Condolence letters re: death of Leland Stanford: Bl - Br includes Jas. G. Blaine, Jr. (Tel.), Henry W. Blair, John Bonness, J.H.C. Bonté, F.O. Boyd, and John Boyd

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your dear Sister also-

While east in early Spring I saw "Mrs Cavert" several times who inform -ed me of the state of your Husbands health, she also gave me one of the Memorials of "Mrs Hughes"-

I know mere words avail nothing, but my memory reverts so often to our for mer days of warm friend -ship that I ventured to speak at this time remem -bering too our correspondence of later yrs.--While our lives & circumstances have greatly varied during the past, still my feeling of old friendship remains as ever.

My dear I can only com -mend you to His care who "doeth all things well" 'tho to us many times it seems very dark--You are greatly blessed with an abundance of this worlds goods, in contrast to many who are left to strug -gle alone for a mere pittance.

I have a living sorrow which is often said to be heavier to bear than one by death. My dear Connie is still an in -mate of an "Insane-Inst” — I attend to her wants & visit her once a month--Oh how

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often in our hours of afflic -tion we are tempted to ask "why must this come to me"? but we can only bow in submission & be still--You may have heard I now make my home with my Daughter & while not as independent financially as would be pleasant still I have a nice home & am very glad to again return to private life--This is not intended merely as a letter of Condolence but as one of warm sympathy to a former dear friend & Neigh -bor--Hoping I have not in -truded I remain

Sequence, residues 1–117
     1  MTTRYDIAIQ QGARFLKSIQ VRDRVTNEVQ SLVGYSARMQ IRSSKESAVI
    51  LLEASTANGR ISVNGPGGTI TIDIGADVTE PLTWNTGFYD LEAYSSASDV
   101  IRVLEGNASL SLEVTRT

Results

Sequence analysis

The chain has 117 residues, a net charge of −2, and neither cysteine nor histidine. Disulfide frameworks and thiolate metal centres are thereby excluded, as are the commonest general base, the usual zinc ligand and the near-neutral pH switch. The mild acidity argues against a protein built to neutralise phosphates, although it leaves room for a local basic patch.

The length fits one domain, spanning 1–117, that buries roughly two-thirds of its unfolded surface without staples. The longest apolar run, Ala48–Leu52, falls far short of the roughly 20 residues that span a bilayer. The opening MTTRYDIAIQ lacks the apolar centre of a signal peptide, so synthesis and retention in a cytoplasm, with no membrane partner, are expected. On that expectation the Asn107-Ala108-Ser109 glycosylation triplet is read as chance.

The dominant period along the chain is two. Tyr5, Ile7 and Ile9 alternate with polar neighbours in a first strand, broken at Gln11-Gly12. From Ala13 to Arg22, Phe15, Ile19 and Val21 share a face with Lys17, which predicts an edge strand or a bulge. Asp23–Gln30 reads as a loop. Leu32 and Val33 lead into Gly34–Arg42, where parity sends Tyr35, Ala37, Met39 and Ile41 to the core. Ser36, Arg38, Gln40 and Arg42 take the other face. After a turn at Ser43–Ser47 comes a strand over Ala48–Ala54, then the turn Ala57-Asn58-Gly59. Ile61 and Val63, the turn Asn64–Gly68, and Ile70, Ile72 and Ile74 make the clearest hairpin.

Yours very sincerely

M. E. Blackwell.

[Letterhead] 3260 Groveland Avenue. {/Letterhead]

Chicago, July 21st/93.

Mrs. Stanford

My Dear Friend

Pardon me if I intrude in this your hour of great sorrow, by expressing to you my sin cere sympathy--I know what it is to lose one who has been ones nearest com -panion for yrs--you partic -ularly are left truly lonely having so lately parted with

Last edit over 2 years ago by Joan Passarelli
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Virginia City, Nev. June 22, 1893

Mrs. Leland Stanford:

Dear Madam:

I have just been informed of the death of Senator Stanford.

Accept my sincere sympathy in your sad bereavement.

Dear friend:

In your hour of bereave ment try & take a little consolation in the thought that there are worse things on earth than death.

With respect & sympathy, I remain Yours truly, Mrs. Thos. Blake Mother of P. H Leland Stanford Blake.

Last edit over 2 years ago by Joan Passarelli
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see him again you were gone. Still I felt sure of his return when Congress shall again assemble & that we were again to hold sweet converse together upon subjects of high concern to human welfare whereof he so loved to speak and upon which he could so interest and instruct us all.

Almonst no man in history has done so much to help & so little to harm mankind. When we consider all that he had already done it appears wrong to desire longer to detain him from his reward; but when we think of what the next ten years of his ripened and

Last edit about 2 months ago by hannahb25
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